Search Results with No Keywords Present
During the last half of 2012, the good folks over at Seo-up did some research and collected data on the topic of links. They basically wanted to find out how Google treats anchor texts.
Over time, they realized that in the titles and descriptions of sites ranking high in search results, there was little or no mention of the actual expression used for the search. Additionally, they checked the amount of sites backlinking to these sites and found the amount to be relatively low. On the other hand, a substantial amount of backlinks consisted of nothing more than just the site’s name devoid of any key worded anchor text e.g. ‘Yyy’ for yyy.com.
In order to understand how backlinks, devoid of any keywords as anchor text, helped a specific site rank high, they reviewed over 500 links.
What they discovered was, that all content (whether post, article, comment etc.), linking to the publisher’s site (yyy.com) while using just the company name (‘Yyy’ – with no key worded anchor text), also contained the keywords which normally would have been used as the link’s anchor text. Meaning, in the description of a certain service or product the keywords appeared as plain text (which would’ve traditionally been used as anchor text), but the link leading to the company’s homepage itself, was stripped of any anchor text and just contained the company’s name.
Apparently, this was something found repeatedly in all sites linking in.
Need a Link? How About Some Actual Content?
Accordingly, say the folks at Seo-up, a job board can rank high in search results for the search “find a job”, without even being linked to with these keywords as anchor text. Instead, the content backlinking to the site will contain the expression “find a job”, but as innocent plain text in the context of discussing the subject of job searching, with the link to the job board just being the site’s URL or the company’s name.
So in reality, the text containing the backlink would look something like this:
“There are a number of job boards today providing reliable leads for job hunters. A good job board will provide you with a wide range of openings according to your skills and preferences. You can save yourself the trouble of perusing the many websites of different companies to find a job (expression) that will make you happy. For example <joboard_site>.com (link) is a widely used job board for job seekers in the industry providing an x amount of openings per month…”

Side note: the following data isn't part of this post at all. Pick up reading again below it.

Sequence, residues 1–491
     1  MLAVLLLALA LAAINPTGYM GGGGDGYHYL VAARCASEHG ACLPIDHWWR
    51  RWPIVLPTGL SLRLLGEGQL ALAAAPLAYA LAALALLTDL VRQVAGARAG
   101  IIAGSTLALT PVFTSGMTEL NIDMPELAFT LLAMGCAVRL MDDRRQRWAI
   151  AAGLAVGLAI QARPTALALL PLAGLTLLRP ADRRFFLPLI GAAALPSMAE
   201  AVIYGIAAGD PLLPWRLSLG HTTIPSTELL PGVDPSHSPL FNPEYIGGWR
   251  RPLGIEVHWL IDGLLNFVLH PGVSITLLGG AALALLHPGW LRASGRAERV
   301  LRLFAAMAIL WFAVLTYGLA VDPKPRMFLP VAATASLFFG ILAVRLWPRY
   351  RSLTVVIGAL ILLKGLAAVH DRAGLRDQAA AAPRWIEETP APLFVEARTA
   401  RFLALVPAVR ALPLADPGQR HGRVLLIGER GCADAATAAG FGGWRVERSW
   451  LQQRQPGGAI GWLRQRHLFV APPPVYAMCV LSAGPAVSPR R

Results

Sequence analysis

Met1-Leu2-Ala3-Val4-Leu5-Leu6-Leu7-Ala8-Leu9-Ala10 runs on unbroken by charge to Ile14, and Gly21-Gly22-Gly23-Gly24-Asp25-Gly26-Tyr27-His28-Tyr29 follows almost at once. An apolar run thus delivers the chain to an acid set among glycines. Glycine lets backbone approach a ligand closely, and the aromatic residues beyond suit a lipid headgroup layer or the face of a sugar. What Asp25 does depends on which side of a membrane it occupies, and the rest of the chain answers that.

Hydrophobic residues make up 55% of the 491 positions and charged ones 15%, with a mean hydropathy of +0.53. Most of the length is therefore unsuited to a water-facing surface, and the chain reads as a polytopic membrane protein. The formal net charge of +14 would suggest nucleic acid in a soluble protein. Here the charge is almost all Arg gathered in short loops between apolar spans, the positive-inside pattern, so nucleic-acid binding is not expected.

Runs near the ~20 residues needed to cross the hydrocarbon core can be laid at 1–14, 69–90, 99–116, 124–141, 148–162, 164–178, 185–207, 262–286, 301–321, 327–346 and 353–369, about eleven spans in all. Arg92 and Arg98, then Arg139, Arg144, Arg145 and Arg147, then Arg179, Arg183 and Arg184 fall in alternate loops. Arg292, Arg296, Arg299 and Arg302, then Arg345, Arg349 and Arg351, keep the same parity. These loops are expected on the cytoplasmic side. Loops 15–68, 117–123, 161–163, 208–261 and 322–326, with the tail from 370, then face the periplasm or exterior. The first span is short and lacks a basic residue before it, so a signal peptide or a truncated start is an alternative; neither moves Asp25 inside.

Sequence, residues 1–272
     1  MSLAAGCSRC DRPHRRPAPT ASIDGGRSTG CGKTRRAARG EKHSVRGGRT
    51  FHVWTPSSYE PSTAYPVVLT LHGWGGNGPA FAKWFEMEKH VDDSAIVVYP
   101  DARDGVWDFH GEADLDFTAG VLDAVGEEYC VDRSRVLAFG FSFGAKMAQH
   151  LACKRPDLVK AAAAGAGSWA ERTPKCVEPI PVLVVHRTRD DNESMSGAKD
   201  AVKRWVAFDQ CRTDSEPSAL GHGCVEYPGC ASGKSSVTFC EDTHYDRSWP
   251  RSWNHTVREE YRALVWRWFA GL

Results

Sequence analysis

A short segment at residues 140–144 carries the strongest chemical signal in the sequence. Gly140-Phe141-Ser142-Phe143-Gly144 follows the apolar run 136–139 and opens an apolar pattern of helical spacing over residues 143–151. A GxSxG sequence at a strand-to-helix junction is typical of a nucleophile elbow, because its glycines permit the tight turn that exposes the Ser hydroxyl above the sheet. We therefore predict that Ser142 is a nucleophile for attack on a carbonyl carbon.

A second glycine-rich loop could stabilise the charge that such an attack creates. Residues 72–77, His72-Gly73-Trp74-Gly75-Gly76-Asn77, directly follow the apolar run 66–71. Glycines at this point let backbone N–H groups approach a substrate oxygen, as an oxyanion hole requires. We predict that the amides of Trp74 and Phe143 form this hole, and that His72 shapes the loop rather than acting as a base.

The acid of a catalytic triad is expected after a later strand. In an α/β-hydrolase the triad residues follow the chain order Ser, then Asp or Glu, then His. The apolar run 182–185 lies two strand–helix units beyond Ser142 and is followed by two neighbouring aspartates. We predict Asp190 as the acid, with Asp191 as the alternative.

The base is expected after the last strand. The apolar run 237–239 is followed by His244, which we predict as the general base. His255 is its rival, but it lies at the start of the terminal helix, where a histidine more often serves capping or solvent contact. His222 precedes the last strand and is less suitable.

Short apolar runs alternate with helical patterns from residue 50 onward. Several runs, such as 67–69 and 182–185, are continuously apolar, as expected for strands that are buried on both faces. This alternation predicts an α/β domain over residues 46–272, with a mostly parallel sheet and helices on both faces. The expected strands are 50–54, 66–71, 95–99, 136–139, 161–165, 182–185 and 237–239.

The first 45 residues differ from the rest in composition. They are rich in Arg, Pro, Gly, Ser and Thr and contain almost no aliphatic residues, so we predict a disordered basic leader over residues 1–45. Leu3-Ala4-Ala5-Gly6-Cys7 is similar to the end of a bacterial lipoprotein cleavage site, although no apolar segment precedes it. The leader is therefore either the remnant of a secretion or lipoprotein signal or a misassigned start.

What just happened here? We linked to the site without using the expression “find a job” as an anchor text, but rather the homepage address itself!
A Quick Experiment
I tested this hypothesis myself and it seems to be on the money. Content really does rule. How did I do this? I performed a search, and visited the sites backlinking to one of the top ranking results to see what was really going down behind the scenes.
In the following screenshot, you can see the results of my search for “find a job”. 3 out of the top 7 results clearly did not contain the expression I used in my search:
Next, I chose our third search result – Seek.com.au and visited the sites linking in to see the backlink situation there. The first couple of sites a I visited indeed contained transparent links, but not my desired expression (you’ll have to take my word for it).
On the third or fourth site I graced with my presence I indeed found the key worded expression in a comment:
And the link was found in another comment:
Just to make sure that it wasn’t a fluke, the site or two later I visited provided the same results. Expression present:
And transparent link lower down on the page:
Google’s New Approach
What are the practical implications of this? Google’s approach has now shifted to, “I realize that I can be duped by anchor texts, so I’ll try and understand context from the surrounding content itself.” This in essence means, that the significance of the amount of links with key worded anchor texts you have in cyberspace has decreased, and the volume and quality of content discussing your site is of primary importance.
Rand of SEOmoz also mentioned about this a while back, and he too believes that anchor text is a fading factor.
Basically, if relevant content, rather than just an anchor text, is associated with your site’s name, you’ll see improved results.
Just so you shouldn’t get the wrong impression, anchor texts still have some value and it might be preferable not to neglect them. Google’s position though, is that a link using the actual site’s name along with relevant surrounding content has more impact. With surrounding text being connected to the site’s name, Google then decides that the chances of attempted manipulation are lower.
To Sum Up
If you make sure to have a lot of content on 3rd party sites, describing your site’s services and/or products in the most natural way possible, and your links won’t be anchored via keywords, but rather transparently, using your site’s name, Google will repute you in high regard and your positioning in search results will improve.
At this point, this is all a personal prediction of the folks at seo-up.co.il, but this approach seems like a logical progression, as this development will allow less room for superficial linking and more value will be placed on quality content. Once this takes full effect the Internet we all use can only improve.